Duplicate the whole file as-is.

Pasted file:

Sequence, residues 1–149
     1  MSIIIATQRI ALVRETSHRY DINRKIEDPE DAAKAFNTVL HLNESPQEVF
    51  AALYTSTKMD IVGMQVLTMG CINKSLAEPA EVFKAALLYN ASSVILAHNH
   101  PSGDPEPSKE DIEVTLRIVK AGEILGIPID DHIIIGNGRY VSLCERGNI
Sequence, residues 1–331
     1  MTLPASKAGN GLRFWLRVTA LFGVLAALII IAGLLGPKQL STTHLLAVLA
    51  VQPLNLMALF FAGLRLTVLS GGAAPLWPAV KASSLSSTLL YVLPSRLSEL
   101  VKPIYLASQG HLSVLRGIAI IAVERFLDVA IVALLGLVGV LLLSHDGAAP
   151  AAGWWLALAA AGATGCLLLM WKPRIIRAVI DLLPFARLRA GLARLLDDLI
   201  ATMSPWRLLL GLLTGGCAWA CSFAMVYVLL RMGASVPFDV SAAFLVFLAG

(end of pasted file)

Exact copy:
Sequence, residues 1–149
     1  MSIIIATQRI ALVRETSHRY DINRKIEDPE DAAKAFNTVL HLNESPQEVF
    51  AALYTSTKMD IVGMQVLTMG CINKSLAEPA EVFKAALLYN ASSVILAHNH
   101  PSGDPEPSKE DIEVTLRIVK AGEILGIPID DHIIIGNGRY VSLCERGNI
Sequence, residues 1–331
     1  MTLPASKAGN GLRFWLRVTA LFGVLAALII IAGLLGPKQL STTHLLAVLA
    51  VQPLNLMALF FAGLRLTVLS GGAAPLWPAV KASSLSSTLL YVLPSRLSEL
   101  VKPIYLASQG HLSVLRGIAI IAVERFLDVA IVALLGLVGV LLLSHDGAAP
   151  AAGWWLALAA AGATGCLLLM WKPRIIRAVI DLLPFARLRA GLARLLDDLI
   201  ATMSPWRLLL GLLTGGCAWA CSFAMVYVLL RMGASVPFDV SAAFLVFLAG